“I don’t remember anything nice about that time”

Karel Budde was born March 1935 in Amsterdam. He lived through the Second World War from when he was 5 until he was 10 years old. The memories of the war still trouble him to this day.

“In 1940 I went to the first class at the Montessori school. Classes consisted of about 40 to 50 children, of which half were Jewish. Anne Frank used to be a student at my school. She was in the sixth and final class at that time, but I didn’t really know her. Around ’42, ‘43, our classes were halved due to the deportation of Jewish kids, and their parents.”

“Life during the war got worse and worse, because of the lack of water, electricity and heat. The occupier had turned it all off and that meant we no longer went to school, but we got homework for a week.”

“I don’t remember anything nice about my school years. Though sometimes we did get into a little mischief. We used to ring bells and run away. And sometimes, when we carried a pin with us, we would ring the bell and put the pin in it so it would keep ringing. Then we would run away really quickly.”

“By that time, we were living in the Boterdiepstraat. My mother was recovering from a major brain surgery. Around that time my father left us. I didn’t know why and that was very difficult for us. I had to take care of my mother and my little sister when I was only 8 or 9 years old. But because of my mothers’ deteriorating health, we decided to move in with my grandparents in the Trompenburgstraat.”

“Food soon also became a scarcity. But I had a little scooter that I got for my birthday a few years back. It didn’t have good wheels anymore, so my grandfather fabricated a garden hose around the wheels to get around. We used this scooter to go to farmers just outside of Amsterdam to try and get some food. The farmers would only trade it for gold or silver, because there was no money, or not really. The German coin wasn’t worth anything.”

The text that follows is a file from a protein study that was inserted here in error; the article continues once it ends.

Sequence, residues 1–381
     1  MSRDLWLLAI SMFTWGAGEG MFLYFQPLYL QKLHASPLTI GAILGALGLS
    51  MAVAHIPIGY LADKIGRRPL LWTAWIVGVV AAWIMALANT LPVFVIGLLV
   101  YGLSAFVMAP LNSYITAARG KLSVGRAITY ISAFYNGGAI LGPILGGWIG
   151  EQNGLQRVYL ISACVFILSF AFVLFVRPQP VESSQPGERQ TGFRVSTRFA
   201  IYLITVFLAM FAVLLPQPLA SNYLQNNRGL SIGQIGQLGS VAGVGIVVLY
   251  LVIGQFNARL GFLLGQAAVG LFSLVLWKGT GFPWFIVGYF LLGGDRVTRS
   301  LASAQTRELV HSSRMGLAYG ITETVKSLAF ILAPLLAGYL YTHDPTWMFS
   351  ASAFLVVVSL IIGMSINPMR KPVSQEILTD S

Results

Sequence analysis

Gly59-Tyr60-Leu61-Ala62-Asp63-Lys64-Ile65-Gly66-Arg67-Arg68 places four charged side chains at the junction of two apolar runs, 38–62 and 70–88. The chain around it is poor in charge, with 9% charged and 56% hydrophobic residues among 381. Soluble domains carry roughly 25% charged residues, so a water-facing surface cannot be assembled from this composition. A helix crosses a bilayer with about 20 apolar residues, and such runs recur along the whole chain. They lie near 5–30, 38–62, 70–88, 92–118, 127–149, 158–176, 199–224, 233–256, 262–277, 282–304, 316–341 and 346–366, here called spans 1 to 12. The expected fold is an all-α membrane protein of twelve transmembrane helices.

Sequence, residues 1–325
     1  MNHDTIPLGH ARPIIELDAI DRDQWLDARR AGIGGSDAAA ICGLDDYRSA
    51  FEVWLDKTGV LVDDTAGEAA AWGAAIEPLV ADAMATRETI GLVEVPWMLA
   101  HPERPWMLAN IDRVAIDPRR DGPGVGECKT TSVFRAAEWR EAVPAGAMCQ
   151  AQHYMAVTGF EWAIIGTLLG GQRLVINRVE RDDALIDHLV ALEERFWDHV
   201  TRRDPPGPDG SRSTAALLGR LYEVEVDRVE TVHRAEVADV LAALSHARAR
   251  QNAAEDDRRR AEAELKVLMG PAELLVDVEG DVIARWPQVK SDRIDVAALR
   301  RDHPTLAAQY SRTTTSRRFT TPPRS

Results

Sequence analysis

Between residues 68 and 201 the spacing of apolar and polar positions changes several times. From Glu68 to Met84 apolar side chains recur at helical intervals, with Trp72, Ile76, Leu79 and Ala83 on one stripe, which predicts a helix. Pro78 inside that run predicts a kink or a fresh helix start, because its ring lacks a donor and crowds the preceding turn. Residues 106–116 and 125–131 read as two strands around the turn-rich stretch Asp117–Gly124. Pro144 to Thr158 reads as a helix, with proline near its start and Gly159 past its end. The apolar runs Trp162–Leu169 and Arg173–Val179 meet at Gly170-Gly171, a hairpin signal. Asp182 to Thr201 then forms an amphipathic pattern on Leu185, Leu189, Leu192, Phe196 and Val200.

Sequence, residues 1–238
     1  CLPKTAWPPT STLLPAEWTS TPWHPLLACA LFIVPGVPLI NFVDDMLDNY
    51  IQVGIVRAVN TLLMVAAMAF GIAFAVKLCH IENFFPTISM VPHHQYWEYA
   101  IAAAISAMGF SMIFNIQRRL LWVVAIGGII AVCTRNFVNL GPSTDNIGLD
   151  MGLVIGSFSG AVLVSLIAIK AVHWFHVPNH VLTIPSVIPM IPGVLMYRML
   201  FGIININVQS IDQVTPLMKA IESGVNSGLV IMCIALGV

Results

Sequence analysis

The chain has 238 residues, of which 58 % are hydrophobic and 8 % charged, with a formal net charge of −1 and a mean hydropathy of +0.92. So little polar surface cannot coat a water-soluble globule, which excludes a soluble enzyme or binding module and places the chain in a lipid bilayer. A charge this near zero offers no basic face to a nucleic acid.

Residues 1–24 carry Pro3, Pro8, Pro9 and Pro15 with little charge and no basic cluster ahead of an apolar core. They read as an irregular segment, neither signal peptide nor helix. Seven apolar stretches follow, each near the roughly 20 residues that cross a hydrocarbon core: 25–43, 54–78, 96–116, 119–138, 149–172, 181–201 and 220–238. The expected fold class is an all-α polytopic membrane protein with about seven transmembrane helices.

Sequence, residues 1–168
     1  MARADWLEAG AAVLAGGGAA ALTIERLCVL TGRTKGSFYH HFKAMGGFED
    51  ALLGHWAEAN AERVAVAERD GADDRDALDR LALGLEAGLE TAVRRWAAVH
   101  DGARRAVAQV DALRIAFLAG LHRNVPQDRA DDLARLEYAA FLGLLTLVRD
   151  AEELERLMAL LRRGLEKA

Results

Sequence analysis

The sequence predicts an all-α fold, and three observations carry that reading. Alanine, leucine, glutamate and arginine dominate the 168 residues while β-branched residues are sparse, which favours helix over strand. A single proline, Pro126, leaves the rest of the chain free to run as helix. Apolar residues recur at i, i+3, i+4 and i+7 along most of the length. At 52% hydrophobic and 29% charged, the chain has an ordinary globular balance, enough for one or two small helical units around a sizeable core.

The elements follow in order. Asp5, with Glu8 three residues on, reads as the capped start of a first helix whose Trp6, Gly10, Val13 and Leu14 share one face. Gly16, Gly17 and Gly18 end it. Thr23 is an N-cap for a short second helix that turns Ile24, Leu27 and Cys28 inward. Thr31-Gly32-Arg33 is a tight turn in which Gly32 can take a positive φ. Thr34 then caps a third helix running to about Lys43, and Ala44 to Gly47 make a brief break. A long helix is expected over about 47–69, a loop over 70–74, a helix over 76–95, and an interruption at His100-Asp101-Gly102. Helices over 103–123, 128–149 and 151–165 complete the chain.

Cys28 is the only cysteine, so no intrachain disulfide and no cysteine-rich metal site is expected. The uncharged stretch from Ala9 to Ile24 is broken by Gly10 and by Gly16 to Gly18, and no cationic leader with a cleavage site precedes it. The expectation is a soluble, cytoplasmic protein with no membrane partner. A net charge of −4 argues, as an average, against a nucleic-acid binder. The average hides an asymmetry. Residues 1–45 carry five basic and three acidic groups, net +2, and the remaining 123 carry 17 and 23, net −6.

“We had little to no food, it was cold, there was no light and we only had water occasionally. For heat, we used everything that we could find and that could burn. People started to cut down trees. And because Amsterdam didn’t have asphalt, trams used to have all kinds of little wooden blocks between the rails. Of course, they were all stolen in no time. So did we. The tram wasn’t working without electricity, so it wasn’t like they would miss them.”

“Close to my neighbourhood in the Rivierenbuurt, there used to be a nice playground. But it was turned into a Jewish market so that it was easy for the occupier to control the Jewish people. Close to the centre of Amsterdam, the Jewish neighbourhood was closed off, so that none of them could leave and they could all be taken away. After that their homes were robbed by Amsterdammers.”

“I’ve seen Jewish people that lived close to us get taken away. Trucks full of them. It’s just incomprehensible that people can be taken away without any possibility of resistance. You wouldn’t think that’s possible. But it sticks with you forever and it troubles me to this day. I think, when you get older, those memories are pushed forward again.”